The latest version of the free, open-source email manager, Thunderbird, is in the wild—in an alpha release rough enough around the edges to earn the code-name “Shredder.” It doesn’t have all the features promised for Thunderbird 3 yet, but you can see where it’s headed. I installed “Shredder” in Windows XP, and I’ll show you what’s there, and explain what’s coming soon, after the jump.
Note: In case it wasn’t clear from the introduction, Thunderbird 3 Alpha 1 is very rough indeed—the developers have all but promised you’ll get crashes, bugs, and feature conflict. You could, if you wanted, install the alpha to a different folder than your current T-bird setup (be sure to choose “Custom installation”) and back up your current Thunderbird profile ( more on that here), but “Shredder” might still give you a headache. If that’s cool with you, you can grab the first alpha build at Mozilla Messaging, the spin-off Mozilla group now in charge of the email app.
On to the good stuff. Installation was pretty familiar territory in Windows, and I was relieved to see that Gina’s guide to Using Thunderbird with Gmail IMAP is still valid. Once your account is set up, you land at a pretty familiar sight, at least in Windows:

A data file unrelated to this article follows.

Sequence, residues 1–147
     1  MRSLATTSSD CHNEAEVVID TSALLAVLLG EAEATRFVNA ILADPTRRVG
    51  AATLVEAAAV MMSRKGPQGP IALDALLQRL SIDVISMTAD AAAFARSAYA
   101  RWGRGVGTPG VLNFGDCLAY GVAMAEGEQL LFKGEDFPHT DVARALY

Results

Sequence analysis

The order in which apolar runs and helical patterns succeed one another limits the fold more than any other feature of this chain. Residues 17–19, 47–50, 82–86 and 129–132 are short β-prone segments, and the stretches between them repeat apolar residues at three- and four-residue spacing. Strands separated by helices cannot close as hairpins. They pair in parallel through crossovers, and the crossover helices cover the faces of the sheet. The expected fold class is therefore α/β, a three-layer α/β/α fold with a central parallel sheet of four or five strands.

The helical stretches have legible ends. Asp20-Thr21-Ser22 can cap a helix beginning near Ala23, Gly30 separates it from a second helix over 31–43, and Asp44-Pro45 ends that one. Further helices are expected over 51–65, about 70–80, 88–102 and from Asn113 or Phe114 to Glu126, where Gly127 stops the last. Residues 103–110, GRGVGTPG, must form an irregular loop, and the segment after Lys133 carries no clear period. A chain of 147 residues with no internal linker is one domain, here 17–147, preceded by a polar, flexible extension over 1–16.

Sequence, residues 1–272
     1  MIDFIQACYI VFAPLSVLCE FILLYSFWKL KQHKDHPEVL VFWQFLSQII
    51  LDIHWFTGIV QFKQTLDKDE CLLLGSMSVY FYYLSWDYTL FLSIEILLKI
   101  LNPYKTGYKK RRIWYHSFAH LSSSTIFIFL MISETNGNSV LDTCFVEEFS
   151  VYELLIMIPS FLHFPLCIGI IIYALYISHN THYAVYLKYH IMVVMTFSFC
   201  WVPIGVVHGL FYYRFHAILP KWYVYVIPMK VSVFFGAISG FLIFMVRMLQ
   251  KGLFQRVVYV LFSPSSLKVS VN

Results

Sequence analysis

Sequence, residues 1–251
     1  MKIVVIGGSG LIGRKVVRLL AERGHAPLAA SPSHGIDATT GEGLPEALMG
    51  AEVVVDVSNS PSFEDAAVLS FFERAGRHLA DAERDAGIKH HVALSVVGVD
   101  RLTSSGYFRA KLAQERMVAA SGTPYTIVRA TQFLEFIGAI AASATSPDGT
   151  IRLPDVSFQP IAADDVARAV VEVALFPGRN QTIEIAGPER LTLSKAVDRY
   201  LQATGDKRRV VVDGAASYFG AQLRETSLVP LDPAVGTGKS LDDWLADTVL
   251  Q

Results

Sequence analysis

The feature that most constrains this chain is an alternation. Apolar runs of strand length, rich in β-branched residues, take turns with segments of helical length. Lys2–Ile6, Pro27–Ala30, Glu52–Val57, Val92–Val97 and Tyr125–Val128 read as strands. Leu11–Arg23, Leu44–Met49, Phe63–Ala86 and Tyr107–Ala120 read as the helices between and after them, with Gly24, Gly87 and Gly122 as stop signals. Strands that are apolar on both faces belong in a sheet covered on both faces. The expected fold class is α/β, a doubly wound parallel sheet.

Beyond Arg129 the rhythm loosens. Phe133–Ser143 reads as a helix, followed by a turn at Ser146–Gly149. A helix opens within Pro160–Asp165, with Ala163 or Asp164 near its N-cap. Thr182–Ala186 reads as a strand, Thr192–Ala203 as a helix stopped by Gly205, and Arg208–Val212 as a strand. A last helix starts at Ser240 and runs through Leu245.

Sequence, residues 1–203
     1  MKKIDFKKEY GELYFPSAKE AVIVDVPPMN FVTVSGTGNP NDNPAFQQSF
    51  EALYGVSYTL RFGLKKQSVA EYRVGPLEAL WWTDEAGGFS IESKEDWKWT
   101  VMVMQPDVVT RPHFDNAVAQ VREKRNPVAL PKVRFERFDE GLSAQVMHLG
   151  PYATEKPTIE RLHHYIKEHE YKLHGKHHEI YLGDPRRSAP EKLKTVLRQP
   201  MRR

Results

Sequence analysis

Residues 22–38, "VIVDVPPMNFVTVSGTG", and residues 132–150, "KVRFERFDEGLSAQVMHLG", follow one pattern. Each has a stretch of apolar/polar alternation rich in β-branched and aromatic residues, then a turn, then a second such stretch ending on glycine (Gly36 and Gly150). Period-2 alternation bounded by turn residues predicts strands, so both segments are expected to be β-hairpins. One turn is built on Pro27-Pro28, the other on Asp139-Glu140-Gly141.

What Windows users won’t see is that the OS X version of Thunderbird 3 uses Macs’ native Cocoa styling for a more integrated look (a Wired preview has a rough screenshot). And on every system, Thunderbird is using the Gecko 1.9 rendering engine, the same back-end that saves memory and moves a bit swifter in Firefox 3.
The most obvious wholly-new feature in Thunderbird 3 is an option for opening new messages in tabs. In “Shredder,” you have to do this with a right-click on messages in your inbox, but we’ll assume this can be a default option, or a keyboard shortcut, in the final release.
The other new feature that might give Thunderbird power-users a smile is a Firefox 3-like add-ons manager, which lets you search for Thunderbird-specific extensions and install them from within one window, rather than hunting on Mozilla’s site, right-click saving, hitting “Install” and so forth. You can also manage plugins like Flash and multimedia handlers from this window.
Mac users get another long-awaited feature with Thunderbird 3’s ability to integrate with the native OS X Address Book. This rough feature is disabled by default, but developer Bryan Clark posts a work-around for the adventurous.
A few more features look promising in Thunderbird 3, but I wasn’t able to grab photo evidence (or the evidence just wasn’t very exciting visually). They include:
- Better integration with Lightning, the nifty calendar manager that can be a bit wonky as an add-on in Thunderbird 2.
- A chance for more powerful third-party extensions through a new API dubbed STEELE.
- Better search functionality, with a promise of fewer false positive matches and some multi-lingual awareness.
- Extensive code cleanup throughout the app (well, when they release the final, we’ll assume), and improved crash and bug-reporting tools
What vital features do you see missing in Thunderbird 3? If you’ve ventured into the alpha, what do you like so far, or cringe at? Share your thoughts in the comments.